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R-CALF Critical of Texas A&M Report on Beef Supply Chain
Kentucky Ag Connection - 10/15/2021

Two days before last week's hearing to review the state of the U.S. Livestock Industry held by the U.S. House Committee on Agriculture, Texas A&M University released its "The U.S. Beef Supply Chain: Issues and Challenges," a 180-page document Texas A&M refers to as its "book."

In the wake of unprecedented turmoil within the U.S. cattle and beef supply chains marked by record-high consumer beef prices, beef shortages, record beef packer profits while prices paid to America's cattle farmers and ranchers remain depressed, numerous antitrust lawsuits against the largest beef packers, and an ongoing investigation by the U.S. Department of Agriculture and U.S. Department of Justice, the Texas A&M book urges Congress to be cautious before taking steps to change the current structure of the nation's cattle and beef markets, a structure the book asserts has "resulted in cattle producers capturing significant value over the last three decades."

More poignantly, the Texas A&M book urges Congress to use "extreme caution in making changes to a system that has grown organically over time to reward high-quality beef production in a way that acknowledges regional differences throughout the country."

The Texas A&M book expressly targets two prominent reforms introduced in Congress to improve the competitive structure of the nation's cattle and beef markets: mandatory country of origin labeling (M-COOL) for beef, S.2716, and the bill introduced by Sens. Chuck Grassley (R-Iowa) and Jon Tester (D-Mont.) to require the largest beef packers to increase participation in the cattle industry's price discovery market by purchasing at least 50% of their fed cattle in the cash market, S.949.

In addition to deriding M-COOL for beef as a "detrimental policy," the Texas A&M book claims billions of dollars in losses should Congress enact the Grassley/Tester cattle market protection bill or 50/14, S.949. Specifically, the book states cattle producers would largely bear the brunt of a $2.5 billion short-term and a $16 billion cumulative long-term negative impact if the largest beef packers were required to purchase at least 50% of their cattle needs from the cash market.

But R-CALF USA says rather than to evaluate actual cattle market conditions prevalent during the past decade, Texas A&M chose instead to manipulate outdated and non-representative cattle market data to arrive at what the group characterizes as an outrageously baseless claim.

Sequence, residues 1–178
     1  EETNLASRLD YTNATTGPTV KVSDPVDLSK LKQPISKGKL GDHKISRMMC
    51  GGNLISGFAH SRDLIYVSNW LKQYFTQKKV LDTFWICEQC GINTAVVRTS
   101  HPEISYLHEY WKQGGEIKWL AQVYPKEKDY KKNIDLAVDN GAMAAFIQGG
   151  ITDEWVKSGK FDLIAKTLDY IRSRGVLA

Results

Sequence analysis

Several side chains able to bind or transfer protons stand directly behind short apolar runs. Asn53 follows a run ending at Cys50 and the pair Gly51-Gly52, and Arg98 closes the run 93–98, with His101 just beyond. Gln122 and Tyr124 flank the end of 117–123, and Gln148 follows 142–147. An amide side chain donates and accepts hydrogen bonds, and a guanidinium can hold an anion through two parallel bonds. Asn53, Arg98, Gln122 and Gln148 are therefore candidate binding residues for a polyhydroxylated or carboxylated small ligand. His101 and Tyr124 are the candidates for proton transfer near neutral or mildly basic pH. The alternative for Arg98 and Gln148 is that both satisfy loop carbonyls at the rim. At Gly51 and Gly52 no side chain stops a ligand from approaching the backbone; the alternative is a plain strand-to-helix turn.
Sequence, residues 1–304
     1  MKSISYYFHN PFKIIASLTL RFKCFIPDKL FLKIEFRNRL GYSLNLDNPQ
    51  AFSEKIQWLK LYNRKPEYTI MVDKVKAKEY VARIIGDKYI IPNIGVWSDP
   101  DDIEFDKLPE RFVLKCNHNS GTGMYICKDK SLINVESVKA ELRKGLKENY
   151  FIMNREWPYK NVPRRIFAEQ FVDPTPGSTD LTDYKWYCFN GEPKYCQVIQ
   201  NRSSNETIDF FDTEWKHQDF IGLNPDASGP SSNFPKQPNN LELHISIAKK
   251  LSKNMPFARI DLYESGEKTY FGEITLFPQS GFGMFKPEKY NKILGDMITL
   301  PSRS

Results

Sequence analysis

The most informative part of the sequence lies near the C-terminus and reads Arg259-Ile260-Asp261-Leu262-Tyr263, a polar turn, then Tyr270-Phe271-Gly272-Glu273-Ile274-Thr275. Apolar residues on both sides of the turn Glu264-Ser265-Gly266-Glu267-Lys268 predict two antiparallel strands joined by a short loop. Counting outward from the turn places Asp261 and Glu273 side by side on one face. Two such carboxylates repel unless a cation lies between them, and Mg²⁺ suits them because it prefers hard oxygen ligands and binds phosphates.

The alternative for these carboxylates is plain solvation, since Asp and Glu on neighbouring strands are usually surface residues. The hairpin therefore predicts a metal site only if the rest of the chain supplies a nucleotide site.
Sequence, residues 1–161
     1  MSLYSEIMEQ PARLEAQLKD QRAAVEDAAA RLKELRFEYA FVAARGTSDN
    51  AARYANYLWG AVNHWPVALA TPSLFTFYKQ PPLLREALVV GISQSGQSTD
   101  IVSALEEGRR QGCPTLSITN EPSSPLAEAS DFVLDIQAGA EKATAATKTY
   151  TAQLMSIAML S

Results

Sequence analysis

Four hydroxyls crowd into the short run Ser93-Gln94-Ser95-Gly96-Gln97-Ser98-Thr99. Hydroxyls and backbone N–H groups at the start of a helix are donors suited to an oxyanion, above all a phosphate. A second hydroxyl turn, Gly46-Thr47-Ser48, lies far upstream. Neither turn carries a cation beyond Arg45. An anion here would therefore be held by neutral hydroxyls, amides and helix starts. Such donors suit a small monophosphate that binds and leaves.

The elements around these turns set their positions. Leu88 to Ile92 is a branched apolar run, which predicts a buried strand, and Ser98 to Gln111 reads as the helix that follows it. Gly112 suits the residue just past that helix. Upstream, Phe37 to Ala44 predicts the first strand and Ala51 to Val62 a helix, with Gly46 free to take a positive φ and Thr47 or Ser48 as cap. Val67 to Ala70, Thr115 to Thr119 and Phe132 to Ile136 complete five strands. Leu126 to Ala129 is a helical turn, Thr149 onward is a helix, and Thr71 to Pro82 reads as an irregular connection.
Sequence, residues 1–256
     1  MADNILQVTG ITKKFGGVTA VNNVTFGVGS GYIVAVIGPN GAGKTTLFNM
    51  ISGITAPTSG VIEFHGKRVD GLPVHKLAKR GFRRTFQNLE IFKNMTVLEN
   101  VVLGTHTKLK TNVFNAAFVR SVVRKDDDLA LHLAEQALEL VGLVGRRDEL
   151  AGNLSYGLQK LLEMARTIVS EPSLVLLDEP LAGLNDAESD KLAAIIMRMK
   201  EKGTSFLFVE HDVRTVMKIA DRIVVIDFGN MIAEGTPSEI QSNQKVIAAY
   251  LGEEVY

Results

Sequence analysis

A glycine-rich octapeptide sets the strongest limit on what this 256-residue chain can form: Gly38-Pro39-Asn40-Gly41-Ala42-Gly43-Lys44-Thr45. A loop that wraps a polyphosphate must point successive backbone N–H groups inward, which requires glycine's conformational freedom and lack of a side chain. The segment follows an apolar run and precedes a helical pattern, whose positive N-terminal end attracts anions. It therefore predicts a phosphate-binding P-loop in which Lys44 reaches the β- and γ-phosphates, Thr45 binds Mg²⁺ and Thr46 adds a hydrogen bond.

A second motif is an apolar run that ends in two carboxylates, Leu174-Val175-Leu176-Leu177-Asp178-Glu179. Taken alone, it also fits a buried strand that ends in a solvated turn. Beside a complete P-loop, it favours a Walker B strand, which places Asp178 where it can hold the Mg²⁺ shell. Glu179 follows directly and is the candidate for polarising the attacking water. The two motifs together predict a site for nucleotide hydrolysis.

"While the Texas A&M book admits the underlying data for its claim is over 15 years old, the outdated data itself was acknowledged by previous researchers to be collected during an "unusual time for the cattle and beef industries, rendering that data non-representative of past and present U.S. cattle market conditions," said R-CALF USA CEO Bill Bullard.

Bullard said the underlying data came from the U.S. Department of Agriculture's 2007 Livestock and Meat Marketing Study and was collected between Oct. 2002 and March 2005. During this period, beginning in May 2003 and continuing through the March 2005 data collection endpoint, the U.S. border was unprecedently closed to imports of live Canadian cattle because of outbreaks of BSE (bovine spongiform encephalopathy or mad cow disease) in Canada.

According to Bullard, domestic cattle prices and returns to cow/calf producers reached then record highs during this early 2000s data collection period, the volume of cattle purchased through formula contracts was significantly reduced, the cattle industry was transitioning from the end of its liquidation phase and beginning its expansion phase, and the percentage of fed cattle purchased in the cash market averaged about 60%.

"This is arguably the U.S. cattle industry's most non-representative period for which to collect data during anytime in the past 40 years, if not longer," Bullard said.

He explained that today's marketplace is opposite -- cattle prices and returns to cow/calf producers have been depressed for going on seven years, the volume of cattle purchased through formula contracts is historically high, the cattle industry is well into a liquidation phase, and the percentage of cash market sales is well less than half what it was over 15 years ago.

He also said the 2007 study attempted to predict possible outcomes if the cash market were to increase above the 60% level, due to corresponding decreases in non-cash arrangements such as formula contracts that then represented a volume of only about 30%. But, he said, those 15-year-old market conditions are completely inappropriate for use as a basis to extrapolate possible outcomes of raising cash volumes from their current 20% level to only a 50% level.

"It is disappointing that a land grant university would lobby Congress with conclusory assertions attained by conveniently using outdated and non-representative data in an effort to derail what is perhaps the most important reform for correcting the ills of the current marketplace.

"We've witnessed this scenario several times during the past two decades. Each time cattle producers have offered meaningful marketplace reforms; a cadre of experts are enlisted to defend the status quo. Congress needs to see through this and take steps to fix our chronically dysfunctional market," Bullard concluded.


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